Man can life just suck ass sometimes, and not in a good way. From long lines to short tempers and heavy grief to petty grievances, there are a thousand little things that can set us off and then there are those life-altering blows that when delivered can shape our gravity, visibly weigh on our thoughts (and visage), skew our posture and alter our very sense-of-self–and therefore our lives. Happiness is not the absence of sadness, nor is it a magical disposition awarded to a special few. Decades of helping people from all walks of life attain real change (along with a boatload of research) has taught me that happiness is earned…in fact, it is planned for by those who master it. Ironically, happiness comes when we allow ourselves to be sad, just as achievement is garnered through many attempts ending in abject failure. Of course, it’s more complicated than that, but not a whole hell of a lot more. Emotional resiliency can be gained with practice and it starts by an accurate inventory of our own particular triggers, our kneejerk reactions to those triggers and the aftermath of smoldering anger or shame that can result from poor decisions made in the heat of any one moment.
Happiness can be earned by preparing for (not expecting) aggravation, even failure, and acting (and reacting) according to those preparations in the moment. One of the simplest steppingstones to happiness can be one of the most difficult, the simple act of forgiving ourselves for that awful, unforgivable fuck-up, and all the little ones in between. Forgiveness is no more magical than happiness, and can be learned and strengthened, just like a muscle, a little puny one that can grow like a steroid-fed boulder-esque bicep, like those biceps on that skeevy YouTube guy, the ones that make you say “eww gross”, while your subconscious whispers “kinda cool though, how do I get those fuckin’ things, I mean not those, but you know somethin’ more than what I got…”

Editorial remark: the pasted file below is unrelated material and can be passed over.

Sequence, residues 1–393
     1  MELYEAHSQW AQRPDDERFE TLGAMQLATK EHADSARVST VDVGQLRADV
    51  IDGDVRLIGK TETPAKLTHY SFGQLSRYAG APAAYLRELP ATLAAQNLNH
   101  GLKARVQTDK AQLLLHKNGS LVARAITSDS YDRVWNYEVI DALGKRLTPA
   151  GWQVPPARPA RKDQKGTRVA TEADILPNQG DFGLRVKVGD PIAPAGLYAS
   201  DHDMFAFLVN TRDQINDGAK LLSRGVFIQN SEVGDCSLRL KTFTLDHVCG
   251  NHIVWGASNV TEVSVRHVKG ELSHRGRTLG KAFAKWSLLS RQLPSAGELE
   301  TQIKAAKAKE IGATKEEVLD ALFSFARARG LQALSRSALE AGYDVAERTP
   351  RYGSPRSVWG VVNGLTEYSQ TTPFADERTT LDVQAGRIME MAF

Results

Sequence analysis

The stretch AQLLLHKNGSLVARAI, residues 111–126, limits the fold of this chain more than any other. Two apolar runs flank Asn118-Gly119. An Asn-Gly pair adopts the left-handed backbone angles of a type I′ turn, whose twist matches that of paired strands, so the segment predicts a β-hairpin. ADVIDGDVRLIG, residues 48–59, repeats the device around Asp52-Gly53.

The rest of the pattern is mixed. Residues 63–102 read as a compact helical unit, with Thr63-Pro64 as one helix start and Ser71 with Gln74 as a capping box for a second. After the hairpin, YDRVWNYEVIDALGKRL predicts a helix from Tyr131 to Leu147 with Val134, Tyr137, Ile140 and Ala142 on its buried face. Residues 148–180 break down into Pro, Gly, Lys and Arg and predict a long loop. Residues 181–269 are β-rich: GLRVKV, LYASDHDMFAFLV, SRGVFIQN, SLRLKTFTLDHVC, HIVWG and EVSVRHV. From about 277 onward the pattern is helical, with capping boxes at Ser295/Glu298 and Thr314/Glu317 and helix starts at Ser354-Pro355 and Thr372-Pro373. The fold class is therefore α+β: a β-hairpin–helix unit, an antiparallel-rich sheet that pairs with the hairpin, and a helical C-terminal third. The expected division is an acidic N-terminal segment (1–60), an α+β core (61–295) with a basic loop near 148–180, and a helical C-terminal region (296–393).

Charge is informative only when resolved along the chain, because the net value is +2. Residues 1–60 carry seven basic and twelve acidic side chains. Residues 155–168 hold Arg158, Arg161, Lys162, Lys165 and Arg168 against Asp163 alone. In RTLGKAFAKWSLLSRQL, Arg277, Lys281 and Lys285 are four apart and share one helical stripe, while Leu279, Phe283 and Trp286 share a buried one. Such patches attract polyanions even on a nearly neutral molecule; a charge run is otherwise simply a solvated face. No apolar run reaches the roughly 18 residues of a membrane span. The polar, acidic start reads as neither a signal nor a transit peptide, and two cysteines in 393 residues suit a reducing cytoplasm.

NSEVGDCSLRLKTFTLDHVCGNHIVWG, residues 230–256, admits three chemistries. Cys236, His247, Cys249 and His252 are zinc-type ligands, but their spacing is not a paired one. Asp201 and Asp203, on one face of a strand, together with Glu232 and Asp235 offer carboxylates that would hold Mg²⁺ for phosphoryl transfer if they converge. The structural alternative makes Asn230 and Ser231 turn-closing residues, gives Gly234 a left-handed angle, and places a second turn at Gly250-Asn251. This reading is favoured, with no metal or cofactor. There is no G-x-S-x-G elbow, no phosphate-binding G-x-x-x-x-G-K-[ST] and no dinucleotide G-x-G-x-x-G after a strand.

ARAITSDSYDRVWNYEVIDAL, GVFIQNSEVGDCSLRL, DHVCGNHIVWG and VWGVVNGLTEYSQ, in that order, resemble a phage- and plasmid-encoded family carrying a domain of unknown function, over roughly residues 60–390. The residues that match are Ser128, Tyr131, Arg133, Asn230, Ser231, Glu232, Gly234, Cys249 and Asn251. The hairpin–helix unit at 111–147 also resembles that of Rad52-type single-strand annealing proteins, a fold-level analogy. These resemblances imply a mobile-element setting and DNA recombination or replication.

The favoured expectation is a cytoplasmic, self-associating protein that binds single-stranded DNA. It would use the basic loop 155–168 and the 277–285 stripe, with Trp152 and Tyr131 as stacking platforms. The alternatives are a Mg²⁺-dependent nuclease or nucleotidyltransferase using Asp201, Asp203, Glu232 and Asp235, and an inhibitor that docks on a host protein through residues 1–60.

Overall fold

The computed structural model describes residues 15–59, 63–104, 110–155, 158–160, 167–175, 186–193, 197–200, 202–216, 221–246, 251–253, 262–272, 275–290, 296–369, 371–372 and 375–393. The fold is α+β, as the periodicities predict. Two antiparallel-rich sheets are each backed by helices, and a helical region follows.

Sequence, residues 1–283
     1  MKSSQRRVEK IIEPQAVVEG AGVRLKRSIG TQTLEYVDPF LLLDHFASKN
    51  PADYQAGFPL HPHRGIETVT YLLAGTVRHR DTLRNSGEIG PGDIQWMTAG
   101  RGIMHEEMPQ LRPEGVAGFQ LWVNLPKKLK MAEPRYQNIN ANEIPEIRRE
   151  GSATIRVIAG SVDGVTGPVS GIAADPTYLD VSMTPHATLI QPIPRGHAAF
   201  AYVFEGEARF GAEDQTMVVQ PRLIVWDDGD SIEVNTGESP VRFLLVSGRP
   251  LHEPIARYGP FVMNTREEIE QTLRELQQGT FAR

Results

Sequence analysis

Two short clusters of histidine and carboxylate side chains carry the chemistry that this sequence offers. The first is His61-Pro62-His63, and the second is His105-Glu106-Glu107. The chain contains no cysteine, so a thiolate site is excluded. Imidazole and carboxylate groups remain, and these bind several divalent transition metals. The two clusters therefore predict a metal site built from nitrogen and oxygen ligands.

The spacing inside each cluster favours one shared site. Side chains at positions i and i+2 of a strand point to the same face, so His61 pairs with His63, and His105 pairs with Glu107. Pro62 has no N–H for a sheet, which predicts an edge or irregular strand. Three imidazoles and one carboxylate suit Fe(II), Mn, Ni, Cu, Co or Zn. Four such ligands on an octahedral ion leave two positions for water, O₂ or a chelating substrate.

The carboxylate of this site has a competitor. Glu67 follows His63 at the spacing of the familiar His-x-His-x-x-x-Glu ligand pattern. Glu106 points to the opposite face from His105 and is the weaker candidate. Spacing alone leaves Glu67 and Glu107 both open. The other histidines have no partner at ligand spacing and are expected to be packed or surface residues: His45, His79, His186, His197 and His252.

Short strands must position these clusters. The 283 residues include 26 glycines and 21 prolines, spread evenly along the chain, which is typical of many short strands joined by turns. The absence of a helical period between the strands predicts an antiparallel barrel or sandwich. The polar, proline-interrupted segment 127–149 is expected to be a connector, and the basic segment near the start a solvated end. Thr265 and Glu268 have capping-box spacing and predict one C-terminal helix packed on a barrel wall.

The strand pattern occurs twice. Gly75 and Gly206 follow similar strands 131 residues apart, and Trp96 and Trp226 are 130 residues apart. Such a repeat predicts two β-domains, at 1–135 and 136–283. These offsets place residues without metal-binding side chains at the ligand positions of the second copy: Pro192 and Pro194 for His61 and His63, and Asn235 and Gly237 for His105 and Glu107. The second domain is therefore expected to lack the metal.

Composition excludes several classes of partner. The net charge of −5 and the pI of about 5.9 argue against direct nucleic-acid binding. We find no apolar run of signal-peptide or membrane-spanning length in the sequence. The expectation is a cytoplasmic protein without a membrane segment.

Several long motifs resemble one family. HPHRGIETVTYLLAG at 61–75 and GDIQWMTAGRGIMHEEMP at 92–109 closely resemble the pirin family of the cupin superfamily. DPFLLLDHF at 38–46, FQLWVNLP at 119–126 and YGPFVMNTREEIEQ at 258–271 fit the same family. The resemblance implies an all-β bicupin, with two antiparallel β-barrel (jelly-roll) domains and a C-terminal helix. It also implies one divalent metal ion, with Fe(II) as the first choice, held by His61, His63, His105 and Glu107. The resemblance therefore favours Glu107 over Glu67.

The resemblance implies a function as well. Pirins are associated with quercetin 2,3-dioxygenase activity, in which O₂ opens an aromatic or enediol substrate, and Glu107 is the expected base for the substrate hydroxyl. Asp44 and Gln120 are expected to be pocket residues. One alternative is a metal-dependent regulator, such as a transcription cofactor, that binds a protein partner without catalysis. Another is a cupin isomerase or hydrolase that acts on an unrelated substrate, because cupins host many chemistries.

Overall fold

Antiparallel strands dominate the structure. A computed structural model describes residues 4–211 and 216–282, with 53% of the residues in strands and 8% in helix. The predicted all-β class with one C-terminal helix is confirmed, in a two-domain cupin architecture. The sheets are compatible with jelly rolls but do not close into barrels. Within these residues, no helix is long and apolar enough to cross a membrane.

Expanding our sense-of-self is crucial to achieving personal success and happiness. I work closely with clients to identify and analyze everyday reactions and behaviors that don’t serve their “better selves in progress,” i.e., the selves they want to become. Sometimes the greatest insights can come from the simplest questions, like… “What else could that mean, that one-word text message that’s pissing me off right now?” In the era where emotions, thoughts and beliefs are vomited out by anyone and everyone 280 all-important characters at a time, and where the dodgiest troll can share his excremental brain splatterings as if Moses etching that shit in stone, it’s important to take the time to conduct regular inventory of our own drivers, insecurities, triggers and kneejerk reactions. It’s important also, to recognize and build those habits and responses that can serve our more thoughtful selves, so that we are consciously shaping our sense-of-self, rather than having our core identity shaped by subconscious patterns, social media and smartphone blurbs.
And when we inevitably fuck all that up, as we surely will from time to time, it’s important to keep our sense of humor (and self-forgiveness). Finding the humor in our own failings is a crucial part of being able to move on past failure and toward success. When you begin to look at failure as “attempted success” you’re beginning to understand what’s necessary to actually get over, and build the habits that will lead to the life you so desperately desire. Retaining your sense of humor when battling anxiety, depression, procrastination, failure or fear is not only good for your health and blood pressure, but it enables perseverance. Maintaining your sense of humor is one of the most effective ways to retain your core values in the face of temporary setbacks, aggravation or failure. Your ability to keep it real can help you avoid slipping into smoldering self-anger, loathing or shame. I lean on my own “out-there” sense of humor to ensure you keep yours.